Set up a regular, monthly donation. Set it and forget it! Call University Relations at 306-966-5186 to get started with a pre-authorized donation each month (starting on One Day for Students!) and feel good about your commitment. No gifts are too small to make a difference, and your consistent gift provides huge benefits to USask students.

Ask your employer to match your gift. If you work off-campus, you may be able to double or even triple the amount of your gift, having a greater impact on students and the university as a whole. Look up your company name on the alumni FAQ page, under “Can my employer match my gift?” to see if your employer matches employee donations to non-profit and charitable organizations.

Canadahelps.org is another great resource. Every Canadian charity is listed, and it is easy to make donations through it.

Have spare time to give?

Roberta Braid is a career coach at the Student Employment and Career Centre and says there are many ways to give back that don’t involve money.

If you are a USask student, look for volunteer opportunities in CareerLink. USask students can use CareerLink to search for on and off-campus volunteer opportunities, and subscribe to have new postings emailed to them.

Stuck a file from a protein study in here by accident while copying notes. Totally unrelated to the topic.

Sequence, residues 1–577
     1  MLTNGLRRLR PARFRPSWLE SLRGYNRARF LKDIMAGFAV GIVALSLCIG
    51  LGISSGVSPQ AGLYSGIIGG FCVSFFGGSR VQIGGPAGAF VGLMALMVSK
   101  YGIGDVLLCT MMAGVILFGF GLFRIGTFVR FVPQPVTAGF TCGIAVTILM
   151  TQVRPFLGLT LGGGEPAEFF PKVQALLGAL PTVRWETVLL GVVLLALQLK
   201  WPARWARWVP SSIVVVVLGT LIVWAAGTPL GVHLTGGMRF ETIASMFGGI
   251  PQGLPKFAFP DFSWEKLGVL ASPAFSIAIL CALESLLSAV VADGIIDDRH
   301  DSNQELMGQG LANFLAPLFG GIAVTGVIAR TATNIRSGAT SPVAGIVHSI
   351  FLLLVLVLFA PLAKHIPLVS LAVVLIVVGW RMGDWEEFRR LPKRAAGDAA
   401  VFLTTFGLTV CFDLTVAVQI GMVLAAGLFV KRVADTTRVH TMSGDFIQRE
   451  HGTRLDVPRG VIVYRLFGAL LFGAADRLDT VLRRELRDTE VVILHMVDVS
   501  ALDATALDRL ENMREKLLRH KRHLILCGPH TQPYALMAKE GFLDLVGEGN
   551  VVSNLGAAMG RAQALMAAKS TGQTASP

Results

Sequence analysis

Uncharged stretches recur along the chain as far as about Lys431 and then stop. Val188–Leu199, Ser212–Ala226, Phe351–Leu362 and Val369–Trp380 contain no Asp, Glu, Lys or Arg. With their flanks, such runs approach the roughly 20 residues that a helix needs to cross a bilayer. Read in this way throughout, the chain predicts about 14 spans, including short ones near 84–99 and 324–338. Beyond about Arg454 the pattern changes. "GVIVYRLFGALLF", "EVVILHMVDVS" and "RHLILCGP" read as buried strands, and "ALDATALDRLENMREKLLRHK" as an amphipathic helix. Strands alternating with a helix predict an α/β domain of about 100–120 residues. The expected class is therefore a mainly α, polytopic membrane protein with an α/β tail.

Check out the feed in PAWS. Many groups on campus post PAWS bulletins when looking for volunteers.

Check out the Saskatoon charities and non-profits listings and contact organizations you want to learn more about or feel drawn to support. Whether you are interested in humanitarian work, environmental/global issues or animal welfare (to list just a few) there’s a diverse selection to choose from.

Spend some time going through your household items to see what could be donated.Most charities will have donation lists on their websites listing items they accept and/or are in high demand. A few such organizations are the Saskatoon Food Bank and Learning Centre, The Friendship Inn, Community Living, and Saskatoon MCC Thrift Shop.

Share your talents with others. We all have unique gifts that we may dismiss as ordinary, forgetting their true value. Spend time reflecting on your talents and who amongst your peers, family, friends and community could benefit from this knowledge sharing.

Always lead with compassion. It costs nothing, yet the benefits to ourselves, others, community and beyond is the gift that supersedes us as individuals serving the greatest good of all.

Encouraging a community-minded kid?